As markets across the globe continue their digital-first approach toward empowering customers to meet demand at scale, the resulting IT landscape must become increasingly sophisticated and complex to prevail. Although digital transformation promises to drive business initiatives, cybersecurity concerns keep technology leaders up at night. As DevSecOps, cloud transformation themes, and agile initiatives fast-track IT and business, security considerations are often left behind as leaders focus on delivery.
Gartner predicted that "60% of digital business would suffer service failures by 2020 due to inability of security to manage digital risk." Today, threats continue to increase along with the evolution of the technology landscape, and threats can surface from external sources or within an organization, causing overwhelming consequences the organization cannot afford to ignore.
Still, though, many organizations think of security as an operations responsibility or an afterthought. The concept of fostering an end-to-end security culture for development and operations teams seems like a daunting task. However, failing to do so could mean playing catch-up amid the disastrous results caused by aging security vulnerabilities.
How do we integrate development and operations processes that prioritize ongoing security awareness throughout an application’s lifecycle? Ensuring security must be a consideration from the beginning stages of development, delivering secure applications without causing friction during the build and deployment processes. In this thought paper, we will summarize an approach for modeling threats by leveraging automated and manual techniques to achieve the same.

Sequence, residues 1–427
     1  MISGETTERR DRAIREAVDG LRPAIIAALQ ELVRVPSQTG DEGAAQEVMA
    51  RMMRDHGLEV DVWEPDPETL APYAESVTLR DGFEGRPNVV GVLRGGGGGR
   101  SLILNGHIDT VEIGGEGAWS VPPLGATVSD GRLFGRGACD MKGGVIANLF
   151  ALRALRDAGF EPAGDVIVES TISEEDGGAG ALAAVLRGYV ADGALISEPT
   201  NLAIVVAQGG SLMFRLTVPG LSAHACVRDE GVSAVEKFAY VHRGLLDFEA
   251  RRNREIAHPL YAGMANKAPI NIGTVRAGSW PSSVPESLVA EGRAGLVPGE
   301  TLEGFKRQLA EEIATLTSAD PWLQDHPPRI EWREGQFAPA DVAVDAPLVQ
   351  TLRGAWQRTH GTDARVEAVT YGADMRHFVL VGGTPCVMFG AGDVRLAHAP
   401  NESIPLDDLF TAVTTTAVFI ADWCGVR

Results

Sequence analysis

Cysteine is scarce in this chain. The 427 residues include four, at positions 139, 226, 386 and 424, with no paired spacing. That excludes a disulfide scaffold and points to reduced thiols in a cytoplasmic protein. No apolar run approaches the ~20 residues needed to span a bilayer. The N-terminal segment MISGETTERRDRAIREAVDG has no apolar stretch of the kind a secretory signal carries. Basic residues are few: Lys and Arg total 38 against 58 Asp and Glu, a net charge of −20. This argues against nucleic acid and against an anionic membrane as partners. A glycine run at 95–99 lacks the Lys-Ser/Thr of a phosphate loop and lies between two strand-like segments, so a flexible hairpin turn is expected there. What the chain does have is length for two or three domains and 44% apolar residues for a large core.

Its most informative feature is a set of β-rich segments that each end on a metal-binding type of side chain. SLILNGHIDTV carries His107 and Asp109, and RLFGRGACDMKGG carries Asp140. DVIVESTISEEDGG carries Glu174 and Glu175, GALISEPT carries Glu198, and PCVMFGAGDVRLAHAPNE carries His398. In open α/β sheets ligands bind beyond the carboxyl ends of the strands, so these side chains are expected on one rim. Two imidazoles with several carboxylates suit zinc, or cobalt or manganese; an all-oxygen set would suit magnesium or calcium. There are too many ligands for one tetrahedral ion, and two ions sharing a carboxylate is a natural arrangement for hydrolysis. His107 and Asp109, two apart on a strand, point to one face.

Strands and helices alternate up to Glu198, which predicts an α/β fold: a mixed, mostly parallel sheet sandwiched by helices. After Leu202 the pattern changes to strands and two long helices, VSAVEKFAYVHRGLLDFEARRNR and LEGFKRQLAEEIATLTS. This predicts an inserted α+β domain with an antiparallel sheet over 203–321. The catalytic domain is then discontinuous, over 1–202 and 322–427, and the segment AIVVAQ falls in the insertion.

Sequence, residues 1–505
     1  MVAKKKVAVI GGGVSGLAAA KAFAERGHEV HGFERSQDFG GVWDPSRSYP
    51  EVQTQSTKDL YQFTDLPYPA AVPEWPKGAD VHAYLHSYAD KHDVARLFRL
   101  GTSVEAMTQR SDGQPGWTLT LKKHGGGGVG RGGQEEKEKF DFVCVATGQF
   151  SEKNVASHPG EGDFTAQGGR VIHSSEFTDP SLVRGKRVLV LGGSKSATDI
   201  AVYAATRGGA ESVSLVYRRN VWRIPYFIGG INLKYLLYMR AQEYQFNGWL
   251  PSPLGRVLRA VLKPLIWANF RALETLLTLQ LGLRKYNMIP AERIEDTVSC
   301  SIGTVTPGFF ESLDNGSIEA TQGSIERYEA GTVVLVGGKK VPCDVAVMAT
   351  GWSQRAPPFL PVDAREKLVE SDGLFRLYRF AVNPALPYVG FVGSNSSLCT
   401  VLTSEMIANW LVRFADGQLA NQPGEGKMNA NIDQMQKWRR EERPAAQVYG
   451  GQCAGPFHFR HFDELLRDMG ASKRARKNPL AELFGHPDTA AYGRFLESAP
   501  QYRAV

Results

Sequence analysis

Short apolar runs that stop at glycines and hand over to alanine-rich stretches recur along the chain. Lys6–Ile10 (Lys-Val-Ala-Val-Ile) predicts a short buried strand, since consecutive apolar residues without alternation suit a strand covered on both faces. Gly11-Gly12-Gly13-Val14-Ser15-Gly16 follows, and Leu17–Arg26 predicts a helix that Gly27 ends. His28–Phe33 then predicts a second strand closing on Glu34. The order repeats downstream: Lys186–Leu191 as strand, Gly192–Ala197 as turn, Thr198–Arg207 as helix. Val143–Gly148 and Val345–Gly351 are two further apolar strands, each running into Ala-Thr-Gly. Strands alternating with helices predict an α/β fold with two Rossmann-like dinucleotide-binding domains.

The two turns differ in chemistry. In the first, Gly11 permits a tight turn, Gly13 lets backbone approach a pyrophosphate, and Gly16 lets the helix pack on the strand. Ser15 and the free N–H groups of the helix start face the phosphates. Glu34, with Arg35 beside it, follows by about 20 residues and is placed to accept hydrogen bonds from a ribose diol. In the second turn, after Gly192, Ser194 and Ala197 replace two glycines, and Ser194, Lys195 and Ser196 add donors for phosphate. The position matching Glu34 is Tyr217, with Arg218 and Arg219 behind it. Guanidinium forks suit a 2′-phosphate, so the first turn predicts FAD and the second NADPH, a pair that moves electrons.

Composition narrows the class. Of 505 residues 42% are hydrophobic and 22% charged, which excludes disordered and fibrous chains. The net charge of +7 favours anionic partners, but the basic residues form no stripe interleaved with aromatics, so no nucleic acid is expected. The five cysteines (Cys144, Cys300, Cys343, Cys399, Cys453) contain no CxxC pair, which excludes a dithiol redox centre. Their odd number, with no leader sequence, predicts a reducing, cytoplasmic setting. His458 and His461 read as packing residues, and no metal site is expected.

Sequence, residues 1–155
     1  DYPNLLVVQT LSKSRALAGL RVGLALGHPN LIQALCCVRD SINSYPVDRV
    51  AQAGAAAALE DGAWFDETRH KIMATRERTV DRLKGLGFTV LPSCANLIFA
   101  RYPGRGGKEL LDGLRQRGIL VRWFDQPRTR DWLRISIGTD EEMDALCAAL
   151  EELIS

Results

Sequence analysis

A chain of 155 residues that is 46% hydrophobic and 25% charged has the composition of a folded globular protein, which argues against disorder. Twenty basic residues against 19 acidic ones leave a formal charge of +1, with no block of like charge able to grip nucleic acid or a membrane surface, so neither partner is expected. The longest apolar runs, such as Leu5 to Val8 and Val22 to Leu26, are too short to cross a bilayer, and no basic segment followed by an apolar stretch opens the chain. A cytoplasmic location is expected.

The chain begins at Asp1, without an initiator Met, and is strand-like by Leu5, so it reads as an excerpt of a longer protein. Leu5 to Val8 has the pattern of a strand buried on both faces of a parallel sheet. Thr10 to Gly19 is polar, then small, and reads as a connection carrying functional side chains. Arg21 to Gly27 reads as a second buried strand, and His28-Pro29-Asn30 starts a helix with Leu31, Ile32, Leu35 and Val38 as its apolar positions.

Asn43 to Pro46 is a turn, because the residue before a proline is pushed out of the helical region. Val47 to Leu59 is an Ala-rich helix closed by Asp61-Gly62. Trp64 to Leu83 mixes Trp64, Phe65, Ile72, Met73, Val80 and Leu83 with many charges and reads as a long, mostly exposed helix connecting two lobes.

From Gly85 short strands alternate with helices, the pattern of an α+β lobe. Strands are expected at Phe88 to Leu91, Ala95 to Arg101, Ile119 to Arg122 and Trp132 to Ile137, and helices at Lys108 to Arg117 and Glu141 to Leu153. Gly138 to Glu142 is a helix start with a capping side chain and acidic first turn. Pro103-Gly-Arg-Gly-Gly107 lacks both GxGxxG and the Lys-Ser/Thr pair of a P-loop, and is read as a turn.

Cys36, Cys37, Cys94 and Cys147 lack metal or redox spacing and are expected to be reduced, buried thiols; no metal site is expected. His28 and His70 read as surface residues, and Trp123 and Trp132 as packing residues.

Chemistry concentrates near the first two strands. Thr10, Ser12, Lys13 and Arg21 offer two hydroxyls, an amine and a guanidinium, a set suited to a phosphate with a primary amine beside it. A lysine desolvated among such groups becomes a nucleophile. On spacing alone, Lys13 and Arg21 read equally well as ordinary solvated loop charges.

Threat Modeling Simulates Hacker Vista
It’s imperative to understand your threats in order to build secure systems and applications, all while educating development teams and embedding security culture across an organization. Threat Modelling comes as a device to find answers to simulate hacker persona such as: “How vulnerable we are to different types of cyber-attacks?” “What is the weakest link that an attacker can exploit to reach organization high value assets?” “What can we do to safeguard against these threats in the most effective way?”
Using this process, defenders can take a systematic approach to analyzing what defenses need to be included, given the nature of a system, the probable attacker’s profile, likely attack vectors, and an organization’s risk profile. It empowers companies to take a proactive and effective role in managing their own cybersecurity.
Threat modeling early in a development cycle promotes early detection and the alleviation of security risks, enabling economies of scale. Moreover, threat modeling fosters a culture that actively thinks about security requirements, leading to proactive architectural decisions that reduce threat lifecycles.
Considering these benefits, it’s natural to wonder why more organizations aren’t adopting threat modeling more readily. The adoption of threat modeling can pose challenges and discourage application owners/stakeholders, causing them to shy away from adoption and implementation cycles. In turn, this situation presents a DevSecOps paradox: “How can we identify design-level flaws on a continuous basis during development and operations phases?”